Thursday, January 17, 2019


1 oz Rittenhouse Rye
1 oz Angostura Bitters
1 oz Pineapple Juice (*)
1/4 oz Cinnamon Syrup

Shake with ice and strain into a cocktail glass.
(*) Increasing the volume of pineapple juice can improve the flavor here. Perhaps 1 3/4 oz to make the build an even 4 oz.

Two Thursdays ago, two of my long time out-of-town regulars, Bruce and Tammy, visited me at Nahita. The topic of conversation eventually wandered over to Angostura-heavy recipes such as the Magic Julep, and they asked me if I had ever tried the Daywalker. The recipe was crafted by Adam McGee at Flatiron Lounge in Manhattan, and Tammy was the first person to publish the recipe online back in 2010. To rectify the situation, I made one as soon as I got home from my shift.
The Daywalker began with an allspice and clove aroma that led into pineapple and cherry wood notes on the sip. Next, rye whiskey joined clove, cinnamon, gentian, and woody flavors on the swallow. One of the comments to Tammy's initial post was that the balance improved with additional pineapple juice, and when I added a touch more to the drink, I would have to agree.

Wednesday, January 16, 2019

:: bartend as if you were the guest ::

First published on the USBG National blog in March 2017, and slightly modified for publication here. Photos are from my adventures during Portland Cocktail Week 2012.

One of the ways I learn to be a better bartender has been sitting at various bar stools and restaurant tables and observing how it feels to be a guest. I am not just talking about the good moments that you should figure out how to deliver to your own guests, but also the bad moments that you should figure out how to avoid. In a nutshell, I strive to bartend how I like to be treated as a patron.

Things I have thought about are: "How does it feel to be strong-armed into another round?" And, "How does it feel to be interrupted?"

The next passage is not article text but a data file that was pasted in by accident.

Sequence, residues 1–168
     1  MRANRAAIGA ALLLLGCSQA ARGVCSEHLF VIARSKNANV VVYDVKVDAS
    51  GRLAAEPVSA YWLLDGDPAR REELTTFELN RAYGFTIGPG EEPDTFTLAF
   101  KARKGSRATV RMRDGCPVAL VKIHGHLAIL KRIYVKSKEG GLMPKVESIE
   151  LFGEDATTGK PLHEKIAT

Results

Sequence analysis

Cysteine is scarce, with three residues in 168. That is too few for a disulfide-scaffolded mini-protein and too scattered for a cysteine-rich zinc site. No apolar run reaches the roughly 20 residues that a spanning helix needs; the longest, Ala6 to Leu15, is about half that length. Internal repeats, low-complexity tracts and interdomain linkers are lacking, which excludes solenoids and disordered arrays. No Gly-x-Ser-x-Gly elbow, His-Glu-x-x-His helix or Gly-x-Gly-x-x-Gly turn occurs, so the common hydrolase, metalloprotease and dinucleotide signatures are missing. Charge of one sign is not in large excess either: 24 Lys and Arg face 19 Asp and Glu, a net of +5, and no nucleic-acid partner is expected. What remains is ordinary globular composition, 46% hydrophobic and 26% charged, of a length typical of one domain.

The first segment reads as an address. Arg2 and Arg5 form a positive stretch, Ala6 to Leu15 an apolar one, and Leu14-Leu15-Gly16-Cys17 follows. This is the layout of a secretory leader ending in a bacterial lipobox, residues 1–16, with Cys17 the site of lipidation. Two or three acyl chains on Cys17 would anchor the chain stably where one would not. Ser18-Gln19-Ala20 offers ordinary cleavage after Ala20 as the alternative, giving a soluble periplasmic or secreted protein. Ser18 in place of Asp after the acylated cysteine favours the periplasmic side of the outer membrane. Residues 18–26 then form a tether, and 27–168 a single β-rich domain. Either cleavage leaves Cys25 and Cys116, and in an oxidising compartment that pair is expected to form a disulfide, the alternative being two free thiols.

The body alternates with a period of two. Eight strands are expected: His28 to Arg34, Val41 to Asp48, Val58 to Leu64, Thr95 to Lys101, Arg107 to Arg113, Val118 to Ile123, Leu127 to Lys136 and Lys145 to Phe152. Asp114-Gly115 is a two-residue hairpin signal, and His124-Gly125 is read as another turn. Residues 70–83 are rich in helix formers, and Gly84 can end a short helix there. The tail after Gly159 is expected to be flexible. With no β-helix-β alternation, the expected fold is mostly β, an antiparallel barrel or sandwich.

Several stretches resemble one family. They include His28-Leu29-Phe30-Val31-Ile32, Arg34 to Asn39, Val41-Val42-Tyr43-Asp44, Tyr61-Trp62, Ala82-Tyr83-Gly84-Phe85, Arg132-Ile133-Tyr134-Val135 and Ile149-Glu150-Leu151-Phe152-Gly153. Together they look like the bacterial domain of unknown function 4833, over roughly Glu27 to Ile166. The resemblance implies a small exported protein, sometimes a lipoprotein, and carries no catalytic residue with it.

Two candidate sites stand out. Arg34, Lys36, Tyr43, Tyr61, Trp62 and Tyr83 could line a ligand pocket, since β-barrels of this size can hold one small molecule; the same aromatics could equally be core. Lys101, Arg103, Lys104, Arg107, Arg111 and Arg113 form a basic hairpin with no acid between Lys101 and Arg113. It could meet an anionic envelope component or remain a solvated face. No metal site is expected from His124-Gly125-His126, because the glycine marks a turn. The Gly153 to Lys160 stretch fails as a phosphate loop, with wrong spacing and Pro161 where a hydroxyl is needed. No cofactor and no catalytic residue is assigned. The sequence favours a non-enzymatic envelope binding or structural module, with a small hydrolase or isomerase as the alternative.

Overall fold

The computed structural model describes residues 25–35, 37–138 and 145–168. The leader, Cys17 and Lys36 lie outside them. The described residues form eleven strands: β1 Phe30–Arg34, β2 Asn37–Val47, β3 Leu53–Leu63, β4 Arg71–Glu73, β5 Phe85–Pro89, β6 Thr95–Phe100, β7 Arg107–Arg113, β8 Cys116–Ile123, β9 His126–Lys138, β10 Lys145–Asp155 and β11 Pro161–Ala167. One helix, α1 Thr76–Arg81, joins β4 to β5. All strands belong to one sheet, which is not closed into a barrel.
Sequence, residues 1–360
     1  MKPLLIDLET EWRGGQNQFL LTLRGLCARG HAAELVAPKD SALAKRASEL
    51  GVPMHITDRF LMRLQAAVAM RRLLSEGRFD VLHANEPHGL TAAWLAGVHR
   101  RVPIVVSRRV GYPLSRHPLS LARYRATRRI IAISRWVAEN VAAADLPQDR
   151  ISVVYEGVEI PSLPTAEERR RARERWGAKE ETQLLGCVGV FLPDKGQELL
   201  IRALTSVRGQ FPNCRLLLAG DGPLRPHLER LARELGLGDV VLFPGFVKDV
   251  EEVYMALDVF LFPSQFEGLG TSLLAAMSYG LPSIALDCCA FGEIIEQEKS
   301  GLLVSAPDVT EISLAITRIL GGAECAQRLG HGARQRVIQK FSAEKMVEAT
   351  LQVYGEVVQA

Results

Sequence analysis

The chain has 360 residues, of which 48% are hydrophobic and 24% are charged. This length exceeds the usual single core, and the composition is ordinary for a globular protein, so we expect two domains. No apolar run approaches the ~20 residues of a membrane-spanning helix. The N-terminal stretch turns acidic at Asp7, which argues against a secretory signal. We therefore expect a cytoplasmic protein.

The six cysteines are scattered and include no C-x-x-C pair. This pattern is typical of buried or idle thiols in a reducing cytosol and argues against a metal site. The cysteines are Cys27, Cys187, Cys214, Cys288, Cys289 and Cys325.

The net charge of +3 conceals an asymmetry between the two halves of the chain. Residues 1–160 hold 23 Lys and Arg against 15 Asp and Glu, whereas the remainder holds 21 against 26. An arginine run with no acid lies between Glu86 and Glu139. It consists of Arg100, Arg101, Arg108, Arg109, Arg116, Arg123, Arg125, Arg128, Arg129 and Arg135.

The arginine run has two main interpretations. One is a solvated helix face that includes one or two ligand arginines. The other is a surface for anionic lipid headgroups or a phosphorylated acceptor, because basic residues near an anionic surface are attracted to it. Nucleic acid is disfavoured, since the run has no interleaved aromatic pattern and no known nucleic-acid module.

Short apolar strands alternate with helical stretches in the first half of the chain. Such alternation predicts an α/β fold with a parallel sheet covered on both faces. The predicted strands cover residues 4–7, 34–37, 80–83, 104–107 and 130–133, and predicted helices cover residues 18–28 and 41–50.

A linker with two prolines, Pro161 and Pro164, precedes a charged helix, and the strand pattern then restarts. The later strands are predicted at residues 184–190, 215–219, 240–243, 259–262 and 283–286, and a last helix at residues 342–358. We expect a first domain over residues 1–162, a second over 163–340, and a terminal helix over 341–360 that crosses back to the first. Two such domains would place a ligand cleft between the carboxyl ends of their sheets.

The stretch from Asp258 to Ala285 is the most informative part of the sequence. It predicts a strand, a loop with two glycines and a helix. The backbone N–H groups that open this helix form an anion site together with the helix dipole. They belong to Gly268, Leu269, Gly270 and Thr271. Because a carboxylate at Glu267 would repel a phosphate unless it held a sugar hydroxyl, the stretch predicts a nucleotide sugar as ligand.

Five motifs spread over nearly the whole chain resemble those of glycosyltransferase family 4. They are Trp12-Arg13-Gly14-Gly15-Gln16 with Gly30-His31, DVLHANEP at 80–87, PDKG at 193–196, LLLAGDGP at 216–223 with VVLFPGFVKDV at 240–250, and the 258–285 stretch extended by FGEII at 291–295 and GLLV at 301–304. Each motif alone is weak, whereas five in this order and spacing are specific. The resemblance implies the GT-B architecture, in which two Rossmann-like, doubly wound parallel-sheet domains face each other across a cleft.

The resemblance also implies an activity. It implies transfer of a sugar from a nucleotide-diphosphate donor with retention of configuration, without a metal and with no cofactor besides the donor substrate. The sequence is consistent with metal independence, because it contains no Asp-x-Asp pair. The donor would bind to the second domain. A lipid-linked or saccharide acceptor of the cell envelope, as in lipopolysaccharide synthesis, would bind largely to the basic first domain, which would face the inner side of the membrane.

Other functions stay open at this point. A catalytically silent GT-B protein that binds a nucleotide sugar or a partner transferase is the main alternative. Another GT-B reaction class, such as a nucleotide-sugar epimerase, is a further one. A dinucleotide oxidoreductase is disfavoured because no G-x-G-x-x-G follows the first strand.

For the former, I can recall a bartender that I knew socially who helped to rejuvenate an old establishment’s program. I was one of his few guests that night and about two-thirds of the way through my first cocktail, he was already asking me if he could start on the next. When that happened as well on my next round that I was rushed to get, I just asked for my check. I finished my drink, paid, and left never to return thinking, “Dude, I’m not your cash-cow.” On busy nights, there is definitely a need to turn over seats, but on slower nights, shortening your guests’ visits makes the bar look more desolate and might impact their desire to return. Part of buying a drink is being able to rent the stool for your own third space needs, whether it is to catch up on your phone or with your friend. A guest being rushed out (who is done ordering) when there is a line behind them will hopefully understand the reasons, but when there is not a line and in fact empty seats, it might seem like that bar stool has too high of a cost associated with it. All too often, I have seen bartenders ask (or perhaps almost demand) if they can get a guest anything else – one in no appearance of being in a rush – and then hand them their bill; the bill is promptly paid and the guest abruptly leaves. This seems to fly in the face of hospitality and how I would want to be treated, especially when I am visiting on a slow weekday night. In a way, it sort of delineates the difference between a guest and a customer.

For the latter in terms of interruptions, there are brunches and nights where I am catching up with my wife after not having spoken to her for several days due to differing schedules. How does it make me feel when a server or bartender interrupts me mid-sentence for something trivial? And how does it feel when I realize that I have lost my train of thought? How does this translate to two guests that meet up at your bar and need a moment to catch up? There is a point perhaps where you need to save them from themselves and refocus them on the fact that they met for food and drink, but understand that the drinking and dining part might be secondary in their evening’s plans.